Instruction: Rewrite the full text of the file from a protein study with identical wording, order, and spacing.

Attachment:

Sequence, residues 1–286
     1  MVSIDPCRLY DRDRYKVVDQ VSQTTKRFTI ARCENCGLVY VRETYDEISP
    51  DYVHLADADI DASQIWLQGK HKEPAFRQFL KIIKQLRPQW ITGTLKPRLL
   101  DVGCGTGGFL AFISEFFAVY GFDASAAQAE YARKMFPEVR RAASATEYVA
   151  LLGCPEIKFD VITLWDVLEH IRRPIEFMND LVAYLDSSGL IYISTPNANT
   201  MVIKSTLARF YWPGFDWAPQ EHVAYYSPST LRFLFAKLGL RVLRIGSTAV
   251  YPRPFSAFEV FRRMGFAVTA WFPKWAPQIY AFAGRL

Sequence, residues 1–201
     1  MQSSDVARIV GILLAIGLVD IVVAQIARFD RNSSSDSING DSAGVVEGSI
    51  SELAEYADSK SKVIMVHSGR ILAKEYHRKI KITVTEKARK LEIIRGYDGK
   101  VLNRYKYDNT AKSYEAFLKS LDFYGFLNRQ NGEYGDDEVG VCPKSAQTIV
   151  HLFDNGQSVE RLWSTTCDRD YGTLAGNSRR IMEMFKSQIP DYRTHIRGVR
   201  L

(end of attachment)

Sequence, residues 1–286
     1  MVSIDPCRLY DRDRYKVVDQ VSQTTKRFTI ARCENCGLVY VRETYDEISP
    51  DYVHLADADI DASQIWLQGK HKEPAFRQFL KIIKQLRPQW ITGTLKPRLL
   101  DVGCGTGGFL AFISEFFAVY GFDASAAQAE YARKMFPEVR RAASATEYVA
   151  LLGCPEIKFD VITLWDVLEH IRRPIEFMND LVAYLDSSGL IYISTPNANT
   201  MVIKSTLARF YWPGFDWAPQ EHVAYYSPST LRFLFAKLGL RVLRIGSTAV
   251  YPRPFSAFEV FRRMGFAVTA WFPKWAPQIY AFAGRL

Sequence, residues 1–201
     1  MQSSDVARIV GILLAIGLVD IVVAQIARFD RNSSSDSING DSAGVVEGSI
    51  SELAEYADSK SKVIMVHSGR ILAKEYHRKI KITVTEKARK LEIIRGYDGK
   101  VLNRYKYDNT AKSYEAFLKS LDFYGFLNRQ NGEYGDDEVG VCPKSAQTIV
   151  HLFDNGQSVE RLWSTTCDRD YGTLAGNSRR IMEMFKSQIP DYRTHIRGVR
   201  L